Response to Taner

Taner, Thanks for the long post and the many insightful points and queries. Since Aristotle is the founder of naturalized ethics, it is really important that we get him right. Aristotle does not base his ethics upon “human nature,” but what he calls “the human function.” (Sorry, I don’t know the Greek) The human function comprises the way of living for which nature has suited humans. That is, just as the Great White Shark is suited (as the Richard Dreyfus character says in Jaws) to … [Read more...]

Rupture, er, Rapture May 21

A little comic relief from all the heavy-duty philosophizing on this site. This is one of the more amusing of these types of stories:http://www.independent.co.uk/news/world/americas/us-preacher-warns-end-of-the-world-is-nigh-21-may-around-6pm-to-be-precise-2254139.htmlYou sinners have only a few days to mend your ways if you don't want to be left behind! I enjoyed the idea that God sent the gay pride movement as a sign of the end times. Best, though, was the guy at the bottom of the story who … [Read more...]

Understanding Our Differences (Maybe)

I hesitate to respond to Victor Reppert’s latest riposte (April 19) on his Dangerous Idea blog, since BDK and others have already hashed it out with considerable sophistication and subtlety. My aim here, however, is not to refute Victor (knockdown refutations in philosophy occupy a shadowy ontological niche somewhere between very rare and nonexistent), but to understand as clearly as possible just where our differences lie. In my experience, intractable disagreements come down to … [Read more...]

Brooks on “The Book of Mormon”

David Brooks is one of the very few conservative commentators I can read without retching. He offers dispassionate, reasoned argument unlike the screeching, foaming rants of Michelle Malkin (I think she should be tested for rabies), and he has nothing of the tinfoil-hat paranoia of Glenn Beck (Sha-na-na-na. Hey, hey, hey. Goodbye.). I like Brooks’ style too—straightforward and unaffected, unlike the prissy pontifications of George Will or the pomposity of Charles Krauthammer. In last … [Read more...]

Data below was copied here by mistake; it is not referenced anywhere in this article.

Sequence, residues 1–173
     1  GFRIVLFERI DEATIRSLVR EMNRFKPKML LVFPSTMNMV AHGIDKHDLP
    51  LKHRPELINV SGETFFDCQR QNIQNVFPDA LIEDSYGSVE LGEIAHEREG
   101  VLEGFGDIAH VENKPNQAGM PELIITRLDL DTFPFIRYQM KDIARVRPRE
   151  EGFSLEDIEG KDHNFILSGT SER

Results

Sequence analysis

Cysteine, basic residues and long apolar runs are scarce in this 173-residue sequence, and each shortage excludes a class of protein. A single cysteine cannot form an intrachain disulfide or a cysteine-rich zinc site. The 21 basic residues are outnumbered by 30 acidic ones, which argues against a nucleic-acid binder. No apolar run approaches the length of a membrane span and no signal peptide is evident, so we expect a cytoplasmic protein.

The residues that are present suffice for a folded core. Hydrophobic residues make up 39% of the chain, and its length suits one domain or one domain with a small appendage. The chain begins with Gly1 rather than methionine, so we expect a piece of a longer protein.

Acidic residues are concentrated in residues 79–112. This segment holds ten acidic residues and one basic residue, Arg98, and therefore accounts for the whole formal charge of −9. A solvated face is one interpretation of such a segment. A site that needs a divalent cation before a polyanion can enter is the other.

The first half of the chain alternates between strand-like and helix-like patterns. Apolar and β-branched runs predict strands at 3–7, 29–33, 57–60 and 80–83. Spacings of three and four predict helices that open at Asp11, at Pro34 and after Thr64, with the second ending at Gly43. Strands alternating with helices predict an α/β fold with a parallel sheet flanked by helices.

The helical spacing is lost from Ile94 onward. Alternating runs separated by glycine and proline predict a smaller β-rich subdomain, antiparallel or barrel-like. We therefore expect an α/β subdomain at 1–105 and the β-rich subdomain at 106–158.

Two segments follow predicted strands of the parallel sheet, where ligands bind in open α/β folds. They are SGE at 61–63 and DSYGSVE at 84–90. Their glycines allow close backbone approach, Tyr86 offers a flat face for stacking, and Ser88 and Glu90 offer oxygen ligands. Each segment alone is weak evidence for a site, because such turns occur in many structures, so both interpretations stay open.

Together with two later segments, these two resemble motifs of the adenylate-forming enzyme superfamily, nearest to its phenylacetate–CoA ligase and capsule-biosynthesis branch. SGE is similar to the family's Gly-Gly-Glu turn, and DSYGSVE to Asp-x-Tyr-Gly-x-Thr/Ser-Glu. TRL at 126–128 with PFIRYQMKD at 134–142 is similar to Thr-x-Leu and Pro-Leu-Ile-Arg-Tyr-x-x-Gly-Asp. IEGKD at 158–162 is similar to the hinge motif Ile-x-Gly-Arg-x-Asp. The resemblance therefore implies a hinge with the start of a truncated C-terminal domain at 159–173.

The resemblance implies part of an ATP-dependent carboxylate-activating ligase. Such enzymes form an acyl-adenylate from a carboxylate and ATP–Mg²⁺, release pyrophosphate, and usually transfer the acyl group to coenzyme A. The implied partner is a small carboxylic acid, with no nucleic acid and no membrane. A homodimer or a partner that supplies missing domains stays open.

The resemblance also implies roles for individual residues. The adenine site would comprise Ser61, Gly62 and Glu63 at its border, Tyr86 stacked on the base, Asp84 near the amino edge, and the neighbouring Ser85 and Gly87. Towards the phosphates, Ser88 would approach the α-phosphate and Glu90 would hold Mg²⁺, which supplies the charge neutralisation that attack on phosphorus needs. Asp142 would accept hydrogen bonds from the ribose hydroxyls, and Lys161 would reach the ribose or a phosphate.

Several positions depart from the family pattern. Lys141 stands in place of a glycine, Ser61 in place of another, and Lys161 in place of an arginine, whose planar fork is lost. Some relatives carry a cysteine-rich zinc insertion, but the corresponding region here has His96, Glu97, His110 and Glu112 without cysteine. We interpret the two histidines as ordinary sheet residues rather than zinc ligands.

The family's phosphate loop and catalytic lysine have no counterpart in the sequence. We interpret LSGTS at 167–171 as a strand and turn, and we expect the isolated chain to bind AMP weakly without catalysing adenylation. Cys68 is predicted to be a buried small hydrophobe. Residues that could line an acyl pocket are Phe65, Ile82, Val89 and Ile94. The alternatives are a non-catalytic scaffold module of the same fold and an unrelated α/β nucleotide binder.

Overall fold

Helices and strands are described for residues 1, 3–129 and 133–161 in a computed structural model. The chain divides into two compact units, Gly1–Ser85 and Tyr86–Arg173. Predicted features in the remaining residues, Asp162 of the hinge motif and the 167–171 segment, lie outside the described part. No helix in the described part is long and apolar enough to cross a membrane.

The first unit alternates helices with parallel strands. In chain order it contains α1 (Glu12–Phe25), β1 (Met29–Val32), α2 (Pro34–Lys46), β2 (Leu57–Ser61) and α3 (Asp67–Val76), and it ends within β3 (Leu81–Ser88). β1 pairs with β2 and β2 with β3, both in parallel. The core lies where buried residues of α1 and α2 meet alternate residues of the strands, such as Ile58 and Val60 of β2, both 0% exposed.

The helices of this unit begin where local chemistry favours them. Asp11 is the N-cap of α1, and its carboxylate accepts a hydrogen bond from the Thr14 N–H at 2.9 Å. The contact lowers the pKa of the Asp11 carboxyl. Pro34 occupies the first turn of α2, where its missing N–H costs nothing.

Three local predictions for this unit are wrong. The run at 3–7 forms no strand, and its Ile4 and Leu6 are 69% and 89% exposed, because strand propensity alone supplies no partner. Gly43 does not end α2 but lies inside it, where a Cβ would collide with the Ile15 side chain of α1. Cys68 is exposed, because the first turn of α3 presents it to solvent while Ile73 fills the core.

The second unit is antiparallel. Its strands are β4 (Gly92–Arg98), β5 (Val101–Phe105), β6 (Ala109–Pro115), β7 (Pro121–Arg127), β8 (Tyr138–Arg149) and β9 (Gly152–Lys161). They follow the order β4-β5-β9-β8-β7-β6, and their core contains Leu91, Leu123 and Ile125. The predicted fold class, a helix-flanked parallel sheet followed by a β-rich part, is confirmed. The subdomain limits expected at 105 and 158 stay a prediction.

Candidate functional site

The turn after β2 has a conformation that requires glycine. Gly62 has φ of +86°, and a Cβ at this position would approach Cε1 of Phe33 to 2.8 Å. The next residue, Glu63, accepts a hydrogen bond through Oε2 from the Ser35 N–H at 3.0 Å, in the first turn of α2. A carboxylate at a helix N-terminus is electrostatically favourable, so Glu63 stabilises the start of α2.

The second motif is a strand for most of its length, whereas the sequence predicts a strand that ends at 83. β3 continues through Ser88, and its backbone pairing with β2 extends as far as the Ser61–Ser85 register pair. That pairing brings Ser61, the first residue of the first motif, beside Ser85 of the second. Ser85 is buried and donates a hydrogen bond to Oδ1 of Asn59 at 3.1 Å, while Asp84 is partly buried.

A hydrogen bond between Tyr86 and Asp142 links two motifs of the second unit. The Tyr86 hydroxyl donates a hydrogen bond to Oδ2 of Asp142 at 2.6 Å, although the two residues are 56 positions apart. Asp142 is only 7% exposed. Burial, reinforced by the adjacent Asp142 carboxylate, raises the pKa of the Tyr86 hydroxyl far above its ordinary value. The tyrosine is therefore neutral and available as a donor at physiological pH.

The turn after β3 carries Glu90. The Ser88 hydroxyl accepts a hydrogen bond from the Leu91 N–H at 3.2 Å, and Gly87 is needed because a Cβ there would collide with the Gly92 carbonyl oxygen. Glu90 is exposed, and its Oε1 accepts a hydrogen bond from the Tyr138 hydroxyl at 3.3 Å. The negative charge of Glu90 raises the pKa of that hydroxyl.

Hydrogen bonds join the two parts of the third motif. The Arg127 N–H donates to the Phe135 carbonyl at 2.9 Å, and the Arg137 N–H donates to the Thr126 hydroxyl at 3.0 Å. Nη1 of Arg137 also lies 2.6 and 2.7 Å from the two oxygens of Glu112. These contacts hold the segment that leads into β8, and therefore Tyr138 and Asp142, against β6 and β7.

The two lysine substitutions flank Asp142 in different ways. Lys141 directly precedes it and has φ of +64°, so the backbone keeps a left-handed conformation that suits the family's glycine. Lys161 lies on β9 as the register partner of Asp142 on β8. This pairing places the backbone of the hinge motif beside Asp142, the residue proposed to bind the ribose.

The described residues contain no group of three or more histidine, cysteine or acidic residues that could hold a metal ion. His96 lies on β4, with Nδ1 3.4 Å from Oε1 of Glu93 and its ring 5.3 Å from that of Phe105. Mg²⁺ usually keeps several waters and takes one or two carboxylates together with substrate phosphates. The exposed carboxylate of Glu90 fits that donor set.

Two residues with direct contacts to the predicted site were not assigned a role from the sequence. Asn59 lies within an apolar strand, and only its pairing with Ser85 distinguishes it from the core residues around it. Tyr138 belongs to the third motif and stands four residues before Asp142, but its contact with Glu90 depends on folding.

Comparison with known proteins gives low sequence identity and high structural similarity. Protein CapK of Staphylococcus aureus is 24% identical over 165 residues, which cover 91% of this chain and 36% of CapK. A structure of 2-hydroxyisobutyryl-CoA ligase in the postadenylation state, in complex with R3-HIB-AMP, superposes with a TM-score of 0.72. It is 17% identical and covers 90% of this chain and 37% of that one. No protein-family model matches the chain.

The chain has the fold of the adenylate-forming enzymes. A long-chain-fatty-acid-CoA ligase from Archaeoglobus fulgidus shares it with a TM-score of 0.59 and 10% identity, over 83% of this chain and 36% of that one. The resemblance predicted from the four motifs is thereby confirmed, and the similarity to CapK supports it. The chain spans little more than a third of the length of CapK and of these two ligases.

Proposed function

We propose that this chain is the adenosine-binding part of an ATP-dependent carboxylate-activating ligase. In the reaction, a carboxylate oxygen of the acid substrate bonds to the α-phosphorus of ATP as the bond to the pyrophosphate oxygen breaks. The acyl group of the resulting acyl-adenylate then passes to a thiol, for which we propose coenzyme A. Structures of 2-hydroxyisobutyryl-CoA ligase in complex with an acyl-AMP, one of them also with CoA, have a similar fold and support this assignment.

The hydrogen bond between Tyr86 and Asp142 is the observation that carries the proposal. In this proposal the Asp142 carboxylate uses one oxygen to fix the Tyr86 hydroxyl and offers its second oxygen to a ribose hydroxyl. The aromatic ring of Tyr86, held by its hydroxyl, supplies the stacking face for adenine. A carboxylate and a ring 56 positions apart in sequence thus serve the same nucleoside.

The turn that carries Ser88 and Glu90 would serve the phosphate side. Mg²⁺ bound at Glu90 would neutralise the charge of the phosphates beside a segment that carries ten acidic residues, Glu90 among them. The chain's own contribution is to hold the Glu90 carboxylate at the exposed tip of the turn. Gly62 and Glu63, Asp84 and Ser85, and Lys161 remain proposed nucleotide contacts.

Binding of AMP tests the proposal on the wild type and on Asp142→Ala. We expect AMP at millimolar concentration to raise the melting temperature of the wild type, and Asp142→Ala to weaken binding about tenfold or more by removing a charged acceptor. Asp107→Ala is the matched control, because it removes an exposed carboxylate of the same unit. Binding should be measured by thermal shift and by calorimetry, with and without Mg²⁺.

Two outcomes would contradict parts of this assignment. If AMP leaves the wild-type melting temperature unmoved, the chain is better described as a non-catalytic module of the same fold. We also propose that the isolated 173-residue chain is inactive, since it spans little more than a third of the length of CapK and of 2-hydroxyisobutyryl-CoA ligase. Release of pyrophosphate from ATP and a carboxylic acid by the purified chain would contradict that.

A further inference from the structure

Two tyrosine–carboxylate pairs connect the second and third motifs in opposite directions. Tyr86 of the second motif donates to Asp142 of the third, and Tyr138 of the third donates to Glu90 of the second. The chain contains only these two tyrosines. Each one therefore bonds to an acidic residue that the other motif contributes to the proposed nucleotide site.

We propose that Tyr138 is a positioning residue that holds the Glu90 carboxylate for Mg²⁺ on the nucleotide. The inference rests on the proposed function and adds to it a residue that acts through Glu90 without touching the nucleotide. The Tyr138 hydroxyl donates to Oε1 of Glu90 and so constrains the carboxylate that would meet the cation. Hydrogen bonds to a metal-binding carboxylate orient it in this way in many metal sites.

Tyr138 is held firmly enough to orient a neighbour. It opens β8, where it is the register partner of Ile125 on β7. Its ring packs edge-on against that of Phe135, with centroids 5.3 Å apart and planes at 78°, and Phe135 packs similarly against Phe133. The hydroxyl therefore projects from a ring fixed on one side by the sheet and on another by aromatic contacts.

The Problem with Metaphysical Naturalism (According to Victor Reppert)

Victor Reppert and I have had a long series of exchanges (thirty five years) dating back to when we were both graduate students at Emory University. I do not think that we would come to agreement even if we were granted another thirty five years to debate, but I am determined at least to get clear on the grounds of some of our disagreements. As always, philosophical debate is impeded by the slipperiness of definitions. You think that you have ably refuted an opponent’s claim that X is Y, and … [Read more...]

C.S. Lewis Pontificates about Something or Other

Victor Reppert has recently posted this quote from C.S. Lewis on his Dangerous Idea blog:“The process whereby man has come to know the universe is from one point of view extremely complicated; from another it is alarmingly simple. We can observe a single one-way progression. At the outset the universe appears packed with will, intelligence, life, and positive qualities; every tree is a nymph and every planet a god. Man himself is akin to the gods. The advance gradually empties this rich and … [Read more...]

The “Inner Testimony” of the Holy Spirit

I forget whether I have posted this before. If so, pardon the redundancy.Having had on two occasions the privilege of debating Prof. William Lane Craig, I found the experiences both exhilarating and frustrating. One point of frustration was that Prof. Craig often appeals to the "inner testimony" of the Holy Spirit as trumping any evidence or argument that could be adduced. Naturally, this made me wonder about the point of our whole exercise. Why argue if "inner testimony" trumps everything? … [Read more...]

Victor Reppert on Christianity and Science

Victor Reppert posted the following remarks on his Dangerous Idea blog relating to the topic of Christianity and the development of science:“A couple of things off the top of my head. First, the major advances of modern science, when it became clear that science could really make a difference not only in the way we view the world, but also the way in which we live our lives, happened in Christian Europe, not Hindu India, or Buddhist Japan, or Islamic Arabia. To say that it would have arisen in … [Read more...]


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